If you buy Visa at $202.41 per share and the price goes up to $210, you can sell it for a gain of $7.59 ($210 – $202.41). You can easily find current stock price quotes on sites like Google Finance and Yahoo Finance.

In addition to capital appreciation, some stocks also pay a portion of company profits. If so, it’s called a dividend stock and distributes dividend payments to stockholders. For instance, right now, Discover pays a dividend of $0.44 a share. If you own 1,000 shares of Discover, you'd be paid $440 in dividends over a year.

Dividend stocks pay you even when the share price goes down, so owning them is smart to hedge against potential market losses. You can find a list of dividend stocks on a site like Morningstar.

The pros and cons of investing in stocks

There are many advantages to investing in stocks. One is that you don't need much money to buy them compared to other assets such as real estate. Buying just one stock share makes you an instant business owner without investing your life savings or taking on significant risk.

Buying just one stock share makes you an instant business owner without investing your life savings or taking on significant risk.

Another advantage of making stock investments is that they offer the most significant potential for growth. Although there's no guarantee that every stock will increase in value, since 1926, the average large stock has returned close to 10% a year.

If you're investing for a long-term goal, such as retirement or a child's education, stocks turbocharge your portfolio with enough growth to achieve it. Over the long term, no other type of common investment performs better than stocks.

The main disadvantage of investing in stocks is that prices can be volatile and spike up or plummet quickly as trading volume fluctuates from minute to minute. News, earnings forecasts, and quarterly financial statements are just a few triggers that cause investors to buy or sell shares, and that activity influences a stock's price throughout the day.

Price volatility is why stocks are one of the riskiest investments to own in the short term.

Price volatility is why stocks are one of the riskiest investments to own in the short term. Investing at the wrong time could wipe out your portfolio or cause you to lose money if you need to sell shares on a day when the price is below what you originally paid.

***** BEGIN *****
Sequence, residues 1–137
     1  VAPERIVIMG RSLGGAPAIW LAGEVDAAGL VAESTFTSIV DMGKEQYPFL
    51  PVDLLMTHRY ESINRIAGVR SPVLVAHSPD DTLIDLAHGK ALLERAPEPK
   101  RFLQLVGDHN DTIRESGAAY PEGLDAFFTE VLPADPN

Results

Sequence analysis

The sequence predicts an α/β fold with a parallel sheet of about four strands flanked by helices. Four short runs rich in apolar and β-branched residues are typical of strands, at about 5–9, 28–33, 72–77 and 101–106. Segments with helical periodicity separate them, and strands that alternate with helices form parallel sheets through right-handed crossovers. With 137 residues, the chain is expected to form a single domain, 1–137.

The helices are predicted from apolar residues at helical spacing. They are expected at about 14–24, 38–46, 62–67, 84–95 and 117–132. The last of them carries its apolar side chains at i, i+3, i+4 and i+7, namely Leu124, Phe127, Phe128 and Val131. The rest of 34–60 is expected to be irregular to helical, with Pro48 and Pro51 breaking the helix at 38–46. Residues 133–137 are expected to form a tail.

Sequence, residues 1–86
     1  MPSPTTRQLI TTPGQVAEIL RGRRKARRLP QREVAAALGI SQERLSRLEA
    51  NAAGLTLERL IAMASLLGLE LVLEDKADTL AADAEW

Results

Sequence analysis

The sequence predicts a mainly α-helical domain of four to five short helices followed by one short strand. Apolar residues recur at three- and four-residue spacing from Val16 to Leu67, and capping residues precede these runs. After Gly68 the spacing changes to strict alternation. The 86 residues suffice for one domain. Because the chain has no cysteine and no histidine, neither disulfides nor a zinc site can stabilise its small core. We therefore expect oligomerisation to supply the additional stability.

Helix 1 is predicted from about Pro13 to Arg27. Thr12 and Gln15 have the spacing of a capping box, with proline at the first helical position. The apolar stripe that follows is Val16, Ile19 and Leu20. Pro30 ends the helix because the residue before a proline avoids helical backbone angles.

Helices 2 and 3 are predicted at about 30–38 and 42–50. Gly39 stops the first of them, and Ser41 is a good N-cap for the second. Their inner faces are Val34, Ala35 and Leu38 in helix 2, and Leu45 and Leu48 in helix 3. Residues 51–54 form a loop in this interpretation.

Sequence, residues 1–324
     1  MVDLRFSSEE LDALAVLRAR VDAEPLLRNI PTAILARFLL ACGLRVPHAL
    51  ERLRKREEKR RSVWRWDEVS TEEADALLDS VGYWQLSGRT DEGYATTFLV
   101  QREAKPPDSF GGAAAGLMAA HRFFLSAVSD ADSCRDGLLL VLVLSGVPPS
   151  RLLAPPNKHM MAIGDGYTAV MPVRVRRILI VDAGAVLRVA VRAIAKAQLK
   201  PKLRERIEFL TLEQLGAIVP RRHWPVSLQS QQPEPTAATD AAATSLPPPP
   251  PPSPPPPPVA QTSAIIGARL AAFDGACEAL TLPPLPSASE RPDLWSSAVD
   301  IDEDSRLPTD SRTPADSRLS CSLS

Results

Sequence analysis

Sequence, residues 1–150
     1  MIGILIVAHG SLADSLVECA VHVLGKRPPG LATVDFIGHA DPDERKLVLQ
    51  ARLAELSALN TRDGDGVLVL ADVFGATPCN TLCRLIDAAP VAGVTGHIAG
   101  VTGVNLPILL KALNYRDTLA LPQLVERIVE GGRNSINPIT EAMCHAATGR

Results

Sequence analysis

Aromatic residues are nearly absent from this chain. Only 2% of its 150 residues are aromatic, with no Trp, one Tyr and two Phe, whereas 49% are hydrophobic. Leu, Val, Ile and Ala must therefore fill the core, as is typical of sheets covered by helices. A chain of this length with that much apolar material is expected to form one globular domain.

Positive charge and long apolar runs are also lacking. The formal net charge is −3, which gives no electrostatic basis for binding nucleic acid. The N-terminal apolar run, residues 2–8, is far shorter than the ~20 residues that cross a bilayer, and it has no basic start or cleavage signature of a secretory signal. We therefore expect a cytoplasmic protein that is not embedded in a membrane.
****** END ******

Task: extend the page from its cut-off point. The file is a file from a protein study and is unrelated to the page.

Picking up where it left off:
But as I mentioned, you can minimize this risk (but never eliminate it) by adopting a long-term investing strategy.

What is diversification in stock investing?

In addition to taking a long-term approach, another key strategy for making money investing in stocks is diversification. Having a diversified stock portfolio means you own many stocks.  

People are often surprised to learn that it's better to own more investments than less. Diversification allows you to earn higher average returns while reducing risk because it's not likely that all your investments could drop in value at the same time.

Diversification allows you to earn higher average returns while reducing risk because it's not likely that all your investments could drop in value at the same time.

For instance, if you put your life’s savings into one technology stock that tanks, you’re in trouble. But if that stock only makes up a fraction of your portfolio, the loss is negligible. Having a mix of investments that responds to market conditions in different ways is the key to smoothing out risk.

Diversification isn’t a guarantee that you’ll make a killing with your investments, but the idea is that as some investments go up in value, others may decline and vice versa. It prevents you from “putting all your eggs in one basket,” financially speaking.